Will broadcast networks turn to permanent static?

Bob Garfield wrote a column this week about the withering of the Big 4 broadcast networks. He concludes, “The question, therefore, should not be how the Big 4 can cure what ails them. They cannot cure what ails them.” Go read the whole thing, then come back so we can talk about it.

Most of Garfield’s points are absolutely right. As I mentioned awhile back, viewer fragmentation is keeping broadcast TV alive. As viewers scatter, advertisers can still find them in the largest groups watching broadcast channels.

But I disagree that the Big 4 absolutely cannot create breakout hits like Mad Men or Game of Thrones. At its peak, Lost drew over 20 million viewers but Mad Men has trouble reaching 4 million. What does that make, say, The Mentalist with over 14 million viewers? A hit? Mediocre?

The scale and the stakes are different for cable networks than they are for broadcast. The scale is obvious; Fox swiftly cancelled Firefly (4.5 million viewers), but on FX, The Shield ran for seven years (2-3 million).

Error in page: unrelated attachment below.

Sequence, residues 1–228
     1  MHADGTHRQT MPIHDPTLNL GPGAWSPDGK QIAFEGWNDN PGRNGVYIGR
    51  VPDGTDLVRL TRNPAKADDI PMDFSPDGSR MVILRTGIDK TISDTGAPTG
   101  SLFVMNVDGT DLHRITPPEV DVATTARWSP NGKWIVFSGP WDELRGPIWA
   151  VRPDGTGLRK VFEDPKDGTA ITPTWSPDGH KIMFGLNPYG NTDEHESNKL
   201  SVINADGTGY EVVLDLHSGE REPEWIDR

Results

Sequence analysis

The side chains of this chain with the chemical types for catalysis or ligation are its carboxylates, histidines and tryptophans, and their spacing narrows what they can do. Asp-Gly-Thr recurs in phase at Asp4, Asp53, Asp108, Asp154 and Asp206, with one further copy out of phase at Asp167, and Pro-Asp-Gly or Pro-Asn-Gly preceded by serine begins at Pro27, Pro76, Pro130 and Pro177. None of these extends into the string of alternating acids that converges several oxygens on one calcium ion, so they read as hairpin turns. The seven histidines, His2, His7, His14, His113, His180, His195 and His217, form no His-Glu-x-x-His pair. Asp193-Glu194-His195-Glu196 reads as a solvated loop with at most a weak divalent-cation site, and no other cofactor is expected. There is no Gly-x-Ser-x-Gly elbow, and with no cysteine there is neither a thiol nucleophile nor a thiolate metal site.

The different stakes are not so obvious. Broadcast networks need to get acceptable overall ratings to keep their affiliates and advertisers happy. Cable networks need a big hit or two to ensure that customers subscribe to their channels, but the rest of the lineup can be retreads, reruns and filler.

The kicker is that six corporations own all major broadcast and cable networks. So losing a viewer from broadcast to cable doesn’t subtract money from a corporation’s profit, it just shifts it from one pocket to another.

Considering all this, broadcast network programming choices make a lot more sense. Competition and reality shows are cheap to make, and some of them become hits anyway. There’s no need to try to fill the schedule with high-quality scripted programming. If you go too lax and overall ratings suffer enough to rile the affiliates (see: NBC), then bump up the quality and get back in the ratings pack.

In other words, the Big 4 can cure a lot of what ails them. There’s no reason they can’t spend money and take chances to make the next Lost or 24. But it’s a lot safer for the Big 4 to avoid all that. They simply don’t care that much about finding a new cure.